Pendleton raises its flag for the Fourth

A VFW color guard marches underneath a large United States flag at the start of the Fourth of July Parade on July 4, 2018, in Pendleton.

Pendleton parades are free to attend, but that doesn’t mean they don’t have a cost.

Pendleton Police Chief Stuart Roberts said that a parade during Round-Up week requires 15 officers at a minimum to close down streets and provide security. Factor in staffing and overtime costs, and Roberts said it can cost $6,000 to $8,000 to cover.

In an attempt to recover some of those costs, the Pendleton City Council is considering amending the city’s parade ordinance to include a $1,500 fee.

The council held a first reading of the amended ordinance at a Tuesday meeting, but took no action.

Roberts said he originally got involved with amendment discussions over his desire to streamline the process on parade permits.

Although people applying for permits are supposed to submit them to the police chief 15 days before the parade, Roberts said he sometimes gets applications only a few days before the event is supposed to start.

In discussions with other city officials, the $1,500 fee was eventually added in to recover public safety costs.

Although that could be a significant amount of money for some parade organizers, Roberts said it only applies to a narrow band of public events — moving events that require extended street closures.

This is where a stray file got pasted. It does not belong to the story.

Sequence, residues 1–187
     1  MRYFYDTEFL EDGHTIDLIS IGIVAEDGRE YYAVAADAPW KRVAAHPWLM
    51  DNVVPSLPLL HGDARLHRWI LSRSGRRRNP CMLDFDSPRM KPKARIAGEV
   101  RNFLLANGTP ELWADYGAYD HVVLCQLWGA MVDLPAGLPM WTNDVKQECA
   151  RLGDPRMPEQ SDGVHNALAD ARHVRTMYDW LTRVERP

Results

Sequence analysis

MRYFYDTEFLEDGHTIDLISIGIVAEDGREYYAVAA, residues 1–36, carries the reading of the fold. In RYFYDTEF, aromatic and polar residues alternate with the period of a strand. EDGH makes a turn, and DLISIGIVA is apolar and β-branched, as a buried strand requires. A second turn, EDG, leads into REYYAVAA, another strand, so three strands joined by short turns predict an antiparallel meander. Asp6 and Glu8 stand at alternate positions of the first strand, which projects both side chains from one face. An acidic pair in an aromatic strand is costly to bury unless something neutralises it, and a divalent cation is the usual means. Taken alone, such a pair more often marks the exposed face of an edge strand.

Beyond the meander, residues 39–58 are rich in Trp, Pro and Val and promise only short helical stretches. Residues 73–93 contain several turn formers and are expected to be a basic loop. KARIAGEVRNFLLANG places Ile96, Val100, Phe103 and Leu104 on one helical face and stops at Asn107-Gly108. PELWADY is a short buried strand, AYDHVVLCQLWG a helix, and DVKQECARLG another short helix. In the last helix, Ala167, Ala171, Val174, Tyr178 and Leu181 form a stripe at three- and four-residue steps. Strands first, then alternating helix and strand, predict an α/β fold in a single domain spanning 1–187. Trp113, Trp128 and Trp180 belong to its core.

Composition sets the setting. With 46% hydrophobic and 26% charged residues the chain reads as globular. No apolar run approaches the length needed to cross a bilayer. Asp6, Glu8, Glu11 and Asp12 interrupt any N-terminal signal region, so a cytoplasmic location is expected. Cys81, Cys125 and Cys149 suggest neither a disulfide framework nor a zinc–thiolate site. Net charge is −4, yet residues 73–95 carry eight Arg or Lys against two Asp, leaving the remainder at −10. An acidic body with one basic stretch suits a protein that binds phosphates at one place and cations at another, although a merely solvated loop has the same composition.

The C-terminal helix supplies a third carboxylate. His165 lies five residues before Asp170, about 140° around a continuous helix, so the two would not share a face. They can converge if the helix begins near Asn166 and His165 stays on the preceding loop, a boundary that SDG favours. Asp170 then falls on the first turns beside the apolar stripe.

Public marches or fun runs that mainly use sidewalks wouldn’t need to apply for a parade permit or pay the fee. “Rolling events” like funeral processions or bike rides wouldn’t see any changes to their organization process.

And Pendleton’s biggest and most well-established parades — Westward Ho!, Dress-Up, Fourth of July, and the Little League Team parades — would be exempted from the fee.

Outside of the exempted parades, Roberts said it’s difficult to quantify how many parades the city permits per year because they’re more sporadic.

At the council meeting Tuesday, Councilor Scott Fairley questioned why the city would exempt four parades if they’re expensive to cover.

In an interview Wednesday, Fairley elaborated on his comments, saying he wants to have a discussion with the council on how to recover public safety costs. Since the police department relies on the general fund for most of its budget, Fairley said a cost recovery mechanism for public safety could allow the city to use its only discretionary fund for other budget priorities.

Although the Veterans of Foreign Wars Post 922-organized Fourth of July Parade is currently exempted under the amendment proposal, a $1,500 fee would have an effect on parade organizers.

A former Pendleton police chief, VFW Commander Gary Ward said he understands the costs that go into covering parades.

But requiring a $1,500 fee means the VFW would have to consider how to spread their additional costs amongst their members and sponsors.

Roberts said he doesn’t have an opinion on who should or shouldn’t be exempted from the fee, but he said a lot goes into organizing public safety for a parade, which can sometimes include coordinating with the Oregon Department of Transportation.

While the council usually votes on an ordinance at the meeting following a first reading, Mayor John Turner told City Manager Robb Corbett that the council needed more time “to talk about it some more” and suggested a final vote be postponed further.

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